British and Euro interest rates left on hold

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The Independent Online

THE BANK of England left interest rates unchanged at 5.25 per cent yesterday, to the great relief of industry. But economists warned that the Monetary Policy Committee (MPC) had only postponed the inevitable.

THE BANK of England left interest rates unchanged at 5.25 per cent yesterday, to the great relief of industry. But economists warned that the Monetary Policy Committee (MPC) had only postponed the inevitable.

Separately, the European Central Bank became the third central bank this week to keep interest rates unchanged for the time being - after the US Federal Reserve and Bank of England - in a decision that sent European stock markets racing ahead in the afternoon.

In the UK, the FTSE 100 ended nearly 103 points higher at 6,200.4. The pound lost half a cent against the dollar immediately after the MPC's announcement, and the sterling index ended 0.5 down at 104.9.

Business organisations and unions welcomed the news, having urged the Bank not to squeeze the interest-rate trigger again after September's surprise rise. The pound has gained 1 per cent since that quarter-point rise, a climb that experts said probably explained the MPC's decision yesterday.

According to businesses, there is no sign of inflationary pressure, while the high exchange rate is hurting exports.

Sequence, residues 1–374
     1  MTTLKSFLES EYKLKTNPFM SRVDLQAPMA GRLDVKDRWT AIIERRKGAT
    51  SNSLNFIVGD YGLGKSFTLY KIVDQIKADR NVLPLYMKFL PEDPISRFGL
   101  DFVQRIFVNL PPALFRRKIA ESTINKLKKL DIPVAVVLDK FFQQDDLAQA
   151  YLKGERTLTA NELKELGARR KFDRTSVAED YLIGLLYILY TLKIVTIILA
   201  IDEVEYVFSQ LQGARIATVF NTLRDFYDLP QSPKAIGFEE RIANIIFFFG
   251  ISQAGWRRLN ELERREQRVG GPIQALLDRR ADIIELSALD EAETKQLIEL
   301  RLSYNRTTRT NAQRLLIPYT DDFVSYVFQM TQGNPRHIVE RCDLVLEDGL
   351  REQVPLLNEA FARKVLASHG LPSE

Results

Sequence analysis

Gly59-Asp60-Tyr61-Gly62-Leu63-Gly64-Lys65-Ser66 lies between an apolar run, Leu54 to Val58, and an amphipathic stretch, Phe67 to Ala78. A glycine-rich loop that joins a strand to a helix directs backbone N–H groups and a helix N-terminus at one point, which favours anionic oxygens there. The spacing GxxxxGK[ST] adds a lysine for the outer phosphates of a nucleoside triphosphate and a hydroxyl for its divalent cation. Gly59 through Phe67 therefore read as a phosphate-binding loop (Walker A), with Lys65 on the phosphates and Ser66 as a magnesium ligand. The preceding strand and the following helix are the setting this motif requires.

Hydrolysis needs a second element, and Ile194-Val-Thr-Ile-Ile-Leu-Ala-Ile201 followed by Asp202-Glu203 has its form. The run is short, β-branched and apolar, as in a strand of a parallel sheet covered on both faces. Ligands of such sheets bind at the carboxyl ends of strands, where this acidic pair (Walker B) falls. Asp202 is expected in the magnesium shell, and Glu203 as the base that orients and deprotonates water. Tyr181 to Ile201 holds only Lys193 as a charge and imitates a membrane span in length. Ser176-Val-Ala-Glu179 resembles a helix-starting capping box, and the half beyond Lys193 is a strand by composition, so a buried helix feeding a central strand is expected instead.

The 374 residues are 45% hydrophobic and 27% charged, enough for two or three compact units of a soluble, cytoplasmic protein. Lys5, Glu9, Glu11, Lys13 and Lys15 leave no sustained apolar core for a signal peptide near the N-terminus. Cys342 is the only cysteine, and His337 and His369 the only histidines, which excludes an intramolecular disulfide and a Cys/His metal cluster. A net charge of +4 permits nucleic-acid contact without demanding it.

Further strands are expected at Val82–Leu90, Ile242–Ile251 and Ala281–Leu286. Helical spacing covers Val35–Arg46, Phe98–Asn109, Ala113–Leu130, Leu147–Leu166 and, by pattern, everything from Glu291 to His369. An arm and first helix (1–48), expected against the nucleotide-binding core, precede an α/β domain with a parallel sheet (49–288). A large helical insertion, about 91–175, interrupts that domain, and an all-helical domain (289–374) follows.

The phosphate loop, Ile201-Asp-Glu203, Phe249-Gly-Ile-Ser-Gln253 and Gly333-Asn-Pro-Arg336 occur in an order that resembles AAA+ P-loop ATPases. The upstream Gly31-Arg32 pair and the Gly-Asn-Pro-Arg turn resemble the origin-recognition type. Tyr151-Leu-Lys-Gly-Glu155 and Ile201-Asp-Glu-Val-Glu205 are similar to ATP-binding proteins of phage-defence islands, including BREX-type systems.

Ian Peters, deputy director general of the British Chambers of Commerce, said: "We can sustain more growth without inflation in the current economic climate." Sir Ken Jackson, general secretary of the engineers union, went further, saying loan rates should be cut to help exporters. Many economists, on the other hand, warned that interest rates would have to rise again in the next few months. Martin Weale, head of the National Institute for Economic and Social Research, said: "The MPC has simply postponed the day. If sterling had not risen there would have been no doubt of the need for a rate rise this time." Kevin Gardiner of Morgan Stanley said: "The case for a rate rise is clear cut. "

The strength of the recovery has led to expectations that UK rates will continue upward. But manufacturers fear the prospect of an increase in loan costs will keep sterling painfully high. "The strong pound is dramatically important in some parts of the economy and more or less irrelevant in others, especially in the services sector," said David Miles, Professor of Economics at Imperial College.

The Office for National Statistics said it would launch a monthly index of output in the services sector, a move that had been identified as a top priority by the Treasury and Bank of England.

Wim Duisenberg, the ECB president, said yesterday there was still a "tightening bias" towards higher rates in Europe, but clearer evidence would be needed before a move up from the current 2.5 per cent.

Hawkish words from his deputy, Christian Noyer, this week, which led the markets to expect an increase, had been "mistranslated", Mr Duisenberg claimed. Mr Noyer had said: "It would be better to act in time, proactively, rather than doing so too late and in a rash and hasty way."

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